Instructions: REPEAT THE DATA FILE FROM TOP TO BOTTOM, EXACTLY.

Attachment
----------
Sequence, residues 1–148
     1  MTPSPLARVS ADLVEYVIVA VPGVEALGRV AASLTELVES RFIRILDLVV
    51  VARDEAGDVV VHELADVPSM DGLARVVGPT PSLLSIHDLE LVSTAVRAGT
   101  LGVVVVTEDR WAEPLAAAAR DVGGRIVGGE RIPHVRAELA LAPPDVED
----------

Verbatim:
Sequence, residues 1–148
     1  MTPSPLARVS ADLVEYVIVA VPGVEALGRV AASLTELVES RFIRILDLVV
    51  VARDEAGDVV VHELADVPSM DGLARVVGPT PSLLSIHDLE LVSTAVRAGT
   101  LGVVVVTEDR WAEPLAAAAR DVGGRIVGGE RIPHVRAELA LAPPDVED